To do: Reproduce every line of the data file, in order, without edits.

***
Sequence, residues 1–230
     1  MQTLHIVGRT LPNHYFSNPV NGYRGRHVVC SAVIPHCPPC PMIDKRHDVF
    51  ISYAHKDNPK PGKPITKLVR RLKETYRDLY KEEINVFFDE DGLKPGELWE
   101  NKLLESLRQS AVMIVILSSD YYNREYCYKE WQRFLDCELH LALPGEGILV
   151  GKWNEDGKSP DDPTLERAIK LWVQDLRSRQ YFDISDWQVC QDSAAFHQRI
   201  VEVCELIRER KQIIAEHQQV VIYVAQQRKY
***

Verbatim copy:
Sequence, residues 1–230
     1  MQTLHIVGRT LPNHYFSNPV NGYRGRHVVC SAVIPHCPPC PMIDKRHDVF
    51  ISYAHKDNPK PGKPITKLVR RLKETYRDLY KEEINVFFDE DGLKPGELWE
   101  NKLLESLRQS AVMIVILSSD YYNREYCYKE WQRFLDCELH LALPGEGILV
   151  GKWNEDGKSP DDPTLERAIK LWVQDLRSRQ YFDISDWQVC QDSAAFHQRI
   201  VEVCELIRER KQIIAEHQQV VIYVAQQRKY